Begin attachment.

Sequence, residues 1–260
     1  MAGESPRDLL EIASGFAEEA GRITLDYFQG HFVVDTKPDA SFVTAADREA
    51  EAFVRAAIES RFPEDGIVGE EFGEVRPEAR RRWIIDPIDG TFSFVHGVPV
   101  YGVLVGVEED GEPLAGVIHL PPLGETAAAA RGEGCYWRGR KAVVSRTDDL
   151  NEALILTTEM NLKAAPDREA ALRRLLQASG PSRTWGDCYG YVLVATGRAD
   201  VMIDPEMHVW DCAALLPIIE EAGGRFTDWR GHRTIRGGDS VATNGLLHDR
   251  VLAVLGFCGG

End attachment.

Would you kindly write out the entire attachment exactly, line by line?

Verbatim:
Sequence, residues 1–260
     1  MAGESPRDLL EIASGFAEEA GRITLDYFQG HFVVDTKPDA SFVTAADREA
    51  EAFVRAAIES RFPEDGIVGE EFGEVRPEAR RRWIIDPIDG TFSFVHGVPV
   101  YGVLVGVEED GEPLAGVIHL PPLGETAAAA RGEGCYWRGR KAVVSRTDDL
   151  NEALILTTEM NLKAAPDREA ALRRLLQASG PSRTWGDCYG YVLVATGRAD
   201  VMIDPEMHVW DCAALLPIIE EAGGRFTDWR GHRTIRGGDS VATNGLLHDR
   251  VLAVLGFCGG